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3D Printing a Hit at Hi-tech Fair

14-11-17

Anne Zhang, Henry Xiao

Shenzhen Daily

 

 

 

 

AN array of 3-D printers and printed products drew attention from fairgoers yesterday during this year’s China Hi-Tech Fair at Shenzhen Convention and Exhibition Center.

“I am very interested in 3-D printing and gained some knowledge about it on the Internet. It’s amazing to see here at the fair how a 3-D printer works and how it can be applied to our daily lives,” Mohammad Mahdi, an engineer from Turkey, told Shenzhen Daily.

The printers make tangible, three-dimensional products by laying down successive layers of materials on top of one another, said Wo Yuan, marketing director of Shenzhen Weitek Technology Co.

Models of products must be designed and uploaded to the printer in advance, Wo added.

Established in 2011, the company specializes in personal 3-D printers and has taken a leading role in China’s 3-D printing industry.

Our company is among the top three 3-D printing enterprises in China,” Wo said. “Our printers are primarily sold to countries in North America and Europe.”

The company has sold about 2,000 3-D printers so far this year, a 30-percent increase from last year, according to Wo.

The material Wo’s company uses for printing is biodegradable polylactide (PLA), which is made from corn starch.

The company’s founder and CEO, Chen Wenjuan, said the printers can print various products including cups, toys and adornments in time frames ranging from a couple of minutes to hundreds of hours.

The technology is revolutionary,” Chen said. “It allows people to express their emotions and thoughts by printing out a product of their own design.”

If the technology is applied among students, it will help strengthen their creative thinking and improve their DIY capabilities,” said Li Yaotang, director of Guangzhou Institute of Electronic Technology, Chinese Academy of Sciences.

Li’s institute is displaying both personal and industrial 3-D printers at the fair. He said industrial printers have been widely applied in factories, especially those in the Pearl River Delta region.

Ordinary Chinese people are learning more about the technology and showing strong interest thanks to media coverage, Li said.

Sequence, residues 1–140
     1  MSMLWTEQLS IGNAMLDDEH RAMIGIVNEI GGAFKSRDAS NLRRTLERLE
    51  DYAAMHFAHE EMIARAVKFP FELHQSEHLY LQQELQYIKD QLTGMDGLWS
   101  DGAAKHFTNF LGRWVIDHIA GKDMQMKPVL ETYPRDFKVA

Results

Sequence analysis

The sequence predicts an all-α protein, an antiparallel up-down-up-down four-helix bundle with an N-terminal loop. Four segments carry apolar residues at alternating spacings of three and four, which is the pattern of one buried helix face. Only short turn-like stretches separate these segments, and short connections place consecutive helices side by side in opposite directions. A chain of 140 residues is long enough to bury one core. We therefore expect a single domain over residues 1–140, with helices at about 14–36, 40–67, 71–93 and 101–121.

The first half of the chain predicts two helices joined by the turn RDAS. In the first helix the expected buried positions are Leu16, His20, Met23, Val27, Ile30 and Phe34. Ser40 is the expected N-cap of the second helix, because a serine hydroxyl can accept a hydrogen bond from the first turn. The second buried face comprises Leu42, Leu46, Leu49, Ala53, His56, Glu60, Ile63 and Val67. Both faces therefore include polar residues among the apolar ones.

However, some fairgoers said the printers are too expensive to be widely used.

Shenzhen Weitek Technology Co.’s personal 3-D printers cost between 3,000 yuan (US$489) and 5,000 yuan and PLA is 95 yuan per kilogram.

It’s still too expensive for ordinary consumers,” said Zheng Lei, who works in Australia and is looking for affordable 3-D printers to sell there. “The time for mass use of the technology hasn’t come yet.”

Chen said the obstacles to popularizing the technology lie in the process of model-making.

The types of model-constructing software that exist are too complicated for ordinary people to use, Chen said, adding that 3-D scanners are easy to use, but they are quite expensive.

Li is positive about the future of the personal 3-D printing industry. “It’s estimated that the 3-D printing industry generates about 1 billion to 2 billion yuan a year in China,” Li said. “The output value of the industry is expected to reach 10 billion yuan in the next three years.”

This year’s CHTF has attracted more than 100 delegations from over 50 countries and regions. Over 3,000 exhibitors are in attendance and 10,000 projects are being displayed at the fair.

The fair highlights fast-developing technological trends like wearable devices, intelligent furniture, Internet finance, new-energy vehicles and more.

The fair has also opened areas for innovative projects by university students and has provided a platform for venture capitalists to connect with projects.

(Source: http://szdaily.sznews.com/html/2014-11/17/content_3064541.htm)

 

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